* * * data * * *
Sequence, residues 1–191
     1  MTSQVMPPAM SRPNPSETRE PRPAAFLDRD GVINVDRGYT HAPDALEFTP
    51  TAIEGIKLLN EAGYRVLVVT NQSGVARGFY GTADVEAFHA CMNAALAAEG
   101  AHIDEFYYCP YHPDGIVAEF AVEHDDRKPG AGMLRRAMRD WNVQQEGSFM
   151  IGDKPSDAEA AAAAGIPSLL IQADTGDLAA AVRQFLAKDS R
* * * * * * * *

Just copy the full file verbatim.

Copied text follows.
Sequence, residues 1–191
     1  MTSQVMPPAM SRPNPSETRE PRPAAFLDRD GVINVDRGYT HAPDALEFTP
    51  TAIEGIKLLN EAGYRVLVVT NQSGVARGFY GTADVEAFHA CMNAALAAEG
   101  AHIDEFYYCP YHPDGIVAEF AVEHDDRKPG AGMLRRAMRD WNVQQEGSFM
   151  IGDKPSDAEA AAAAGIPSLL IQADTGDLAA AVRQFLAKDS R